In the late 1800s, Fall River, Massachusetts, had become one of the country’s leading textile regions in America and, by the turn of the century, housed more than 1 million spindles in operation, second in the world to only Manchester, England. Originally known as the Bradford Durfee Textile School, the facility opened its doors in 1904 to provide advanced courses in textile manufacturing and chemistry to educate the rapidly growing population of local mill workers.
The school was named by the school’s original landowner, Miss Sarah S. Brayton, a descendant of local textile industry pioneer and Civil War veteran Maj. Bradford Dufree. Classes initially offered included advanced designing, electrical laboratory, motor testing, hand warping, loom, mechanical drawing, and machine shop.
The school expanded over the years and started to offer additional courses of study, eventually gaining the ability to award Bachelor’s degrees. At that point, the school’s name was changed to the Bradford Durfee College of Technology. In 1960, it merged with a neighboring technical institute to form the Southeastern Massachusetts Technological Institute and, in 1991, was acquired and merged with several branches of the University of Massachusetts to become UMass Dartmouth, vacating the building in the transition. A local community college briefly took over some of the space for classes but left nearly 20 years ago. The building has since sat vacant, awaiting a new use.
The 74,000 square foot, five-building campus will soon become the Creative Class Lofts and provide 44 market-rate apartments, 11 affordable apartments for practicing artists, and 23,345 square feet of commercial, community, and retail space.
Anchoring the commercial portion of the building will be the Spectrum Empowerment Project and the Youth Musical Theater Corporation (YMTC). Spectrum provides autistic adults with an alternate path to college and employment through economic independence, social growth, and creative expression. YMTC is a nonprofit, all-volunteer organization that provides young people with the opportunity to participate in theatrical experiences and produces two Broadway-style musicals each year. The building will also include a 170-seat event space/black box theater to support these groups, as well as an art gallery open to the public.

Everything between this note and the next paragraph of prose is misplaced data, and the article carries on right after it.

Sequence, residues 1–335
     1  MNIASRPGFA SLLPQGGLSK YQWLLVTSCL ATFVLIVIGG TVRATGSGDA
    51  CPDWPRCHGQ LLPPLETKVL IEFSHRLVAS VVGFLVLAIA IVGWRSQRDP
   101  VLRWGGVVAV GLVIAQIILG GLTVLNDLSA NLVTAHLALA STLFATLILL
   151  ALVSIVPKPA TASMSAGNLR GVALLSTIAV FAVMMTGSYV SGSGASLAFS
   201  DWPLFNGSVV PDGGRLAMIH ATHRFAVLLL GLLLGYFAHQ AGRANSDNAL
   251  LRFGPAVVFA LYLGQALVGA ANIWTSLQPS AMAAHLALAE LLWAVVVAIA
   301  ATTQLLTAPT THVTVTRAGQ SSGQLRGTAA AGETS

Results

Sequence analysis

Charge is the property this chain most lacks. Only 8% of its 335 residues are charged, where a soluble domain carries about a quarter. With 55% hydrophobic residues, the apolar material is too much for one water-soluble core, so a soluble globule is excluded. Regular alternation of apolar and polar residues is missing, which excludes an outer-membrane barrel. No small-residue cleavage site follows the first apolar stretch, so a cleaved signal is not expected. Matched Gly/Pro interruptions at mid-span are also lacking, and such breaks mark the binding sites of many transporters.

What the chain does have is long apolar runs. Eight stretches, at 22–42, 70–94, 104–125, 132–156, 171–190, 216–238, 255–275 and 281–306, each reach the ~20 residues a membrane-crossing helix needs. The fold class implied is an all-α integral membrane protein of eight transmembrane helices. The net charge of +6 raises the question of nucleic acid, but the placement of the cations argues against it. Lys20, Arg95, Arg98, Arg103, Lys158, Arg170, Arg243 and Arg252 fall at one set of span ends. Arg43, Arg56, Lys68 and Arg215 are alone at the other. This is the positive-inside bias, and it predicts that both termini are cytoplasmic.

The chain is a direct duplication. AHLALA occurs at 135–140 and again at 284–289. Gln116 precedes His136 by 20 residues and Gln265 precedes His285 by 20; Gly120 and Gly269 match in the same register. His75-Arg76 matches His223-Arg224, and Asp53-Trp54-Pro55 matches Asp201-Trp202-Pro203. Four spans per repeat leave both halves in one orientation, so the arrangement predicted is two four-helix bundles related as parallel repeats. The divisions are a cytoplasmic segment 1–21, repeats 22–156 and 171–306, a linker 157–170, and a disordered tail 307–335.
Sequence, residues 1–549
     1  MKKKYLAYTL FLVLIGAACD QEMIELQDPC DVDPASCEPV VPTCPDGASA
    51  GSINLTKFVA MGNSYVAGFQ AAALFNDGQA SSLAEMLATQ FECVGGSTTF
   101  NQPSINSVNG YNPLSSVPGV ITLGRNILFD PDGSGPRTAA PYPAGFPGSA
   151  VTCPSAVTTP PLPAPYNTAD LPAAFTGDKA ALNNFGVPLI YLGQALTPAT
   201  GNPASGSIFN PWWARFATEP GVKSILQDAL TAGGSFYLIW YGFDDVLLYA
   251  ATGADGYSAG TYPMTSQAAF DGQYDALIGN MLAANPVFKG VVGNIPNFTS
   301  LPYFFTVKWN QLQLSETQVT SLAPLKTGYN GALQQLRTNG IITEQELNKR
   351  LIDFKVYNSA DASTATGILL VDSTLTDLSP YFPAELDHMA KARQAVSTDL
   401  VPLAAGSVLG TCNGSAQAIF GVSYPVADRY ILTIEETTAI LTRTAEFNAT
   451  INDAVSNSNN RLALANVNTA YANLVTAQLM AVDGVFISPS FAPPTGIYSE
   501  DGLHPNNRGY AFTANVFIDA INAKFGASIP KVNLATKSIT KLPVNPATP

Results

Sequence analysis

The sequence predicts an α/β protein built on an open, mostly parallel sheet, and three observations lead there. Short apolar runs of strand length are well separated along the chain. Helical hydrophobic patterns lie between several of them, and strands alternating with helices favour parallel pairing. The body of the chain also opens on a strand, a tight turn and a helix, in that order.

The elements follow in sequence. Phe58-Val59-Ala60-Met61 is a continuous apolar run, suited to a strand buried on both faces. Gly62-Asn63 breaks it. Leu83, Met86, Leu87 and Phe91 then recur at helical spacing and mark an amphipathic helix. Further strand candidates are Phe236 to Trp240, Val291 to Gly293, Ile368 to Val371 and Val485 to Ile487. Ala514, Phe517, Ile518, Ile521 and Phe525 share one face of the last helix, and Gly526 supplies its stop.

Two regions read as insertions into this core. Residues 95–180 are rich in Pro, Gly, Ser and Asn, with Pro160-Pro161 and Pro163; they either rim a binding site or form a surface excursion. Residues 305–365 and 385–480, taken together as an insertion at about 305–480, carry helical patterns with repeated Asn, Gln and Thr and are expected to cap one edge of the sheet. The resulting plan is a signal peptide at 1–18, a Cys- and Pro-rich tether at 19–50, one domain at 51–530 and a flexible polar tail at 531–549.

Groundwork, a Massachusetts-based coworking space provider, will be opening a new site within Creative Class Lofts after celebrating five years of successful growth in their New Bedford location. The Groundwork space will provide coworking memberships and support several local businesses, including Entrepreneurship for All (“E for All”), a year-long small business incubation program.
economic & community impact
The project received an impressive level of community support through the development process and a variety of public funding designed for economic and residential expansion. The development team received letters of support from both Mayor Jasiel Correia II and the Massachusetts Department of Housing and Community Development.
In addition to below-market-rate leases, the larger, revitalized space will allow the commercial tenants to expand their programming to support more community members. Groundwork will provide affordable membership rates to an estimated 400 annual users and host job training programs as part of its partnership with the MassHire Bristol Workforce Investment Board. Additionally, it will support Entrepreneurship for All (“E for All”), a year-long small business incubation program that will provide 30 entrepreneurs a year—predominantly women, minorities, and immigrants— with the opportunity to move their businesses forward.
The larger space and new theater will enable both the Spectrum Empowerment Project and YMTC to greatly develop and expand their community programming. With a dedicated theater at their disposal, YMTC plans to add 4 additional performances to their annual calendar, growing their audience to 800 people annually. Additionally, the new location’s proximity to the Fall River District Court will allow Spectrum’s Employ Workforce Integration program, which provides job training for adults on the spectrum, to develop a new Paralegal Assistant program.
The project will also create affordable housing for practicing artists (those earning 60% AMI or less), who typically have been pioneers in creating vibrancy in blighted neighborhoods. The project is a significant part of the city’s “Downtown Urban Renewal Plan.” In 2007, the city created an Arts Overlay District to promote the expansion of art and culture, encourage art uses, and enhance the vitality of the central business district by fostering a mix of housing and art-related uses. This project will be the “mix of housing and art-related uses,” which has been so elusive to the community.
The revitalization of the historic building will create an estimated 126 quality construction jobs, 72% of which are accessible to underserved individuals. Once complete, the building’s tenants will create an estimated 46 permanent jobs.
The $20.7 million project was financed in part with $2 million in New Markets Tax Credit (NMTC) allocation from NTCIC’s Irvin Henderson Main Street Revitalization Fund. Additionally, NTCIC’s invested in the $3.77 million in federal Historic Tax Credits (HTC) and $4.3 million in state HTCs generated by the project. Additional financing included funds from the Massachusetts Housing Development Incentive Program (HDIP) and additional state and federal programs including the HOME Program.